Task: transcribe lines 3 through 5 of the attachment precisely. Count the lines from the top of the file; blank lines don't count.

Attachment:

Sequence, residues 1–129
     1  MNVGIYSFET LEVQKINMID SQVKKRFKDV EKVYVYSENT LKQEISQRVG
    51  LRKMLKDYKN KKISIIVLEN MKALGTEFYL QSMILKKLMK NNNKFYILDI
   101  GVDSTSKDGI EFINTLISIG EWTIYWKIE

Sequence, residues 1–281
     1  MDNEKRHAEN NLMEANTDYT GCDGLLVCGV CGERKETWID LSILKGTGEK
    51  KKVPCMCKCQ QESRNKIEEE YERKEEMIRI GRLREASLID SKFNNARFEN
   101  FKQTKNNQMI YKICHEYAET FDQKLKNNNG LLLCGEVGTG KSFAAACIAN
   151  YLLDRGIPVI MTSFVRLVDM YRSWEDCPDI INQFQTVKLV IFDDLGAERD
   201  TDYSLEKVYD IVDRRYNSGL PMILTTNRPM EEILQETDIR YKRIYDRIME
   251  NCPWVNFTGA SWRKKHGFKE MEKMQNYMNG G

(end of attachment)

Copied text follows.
    51  LRKMLKDYKN KKISIIVLEN MKALGTEFYL QSMILKKLMK NNNKFYILDI
   101  GVDSTSKDGI EFINTLISIG EWTIYWKIE

Sequence, residues 1–281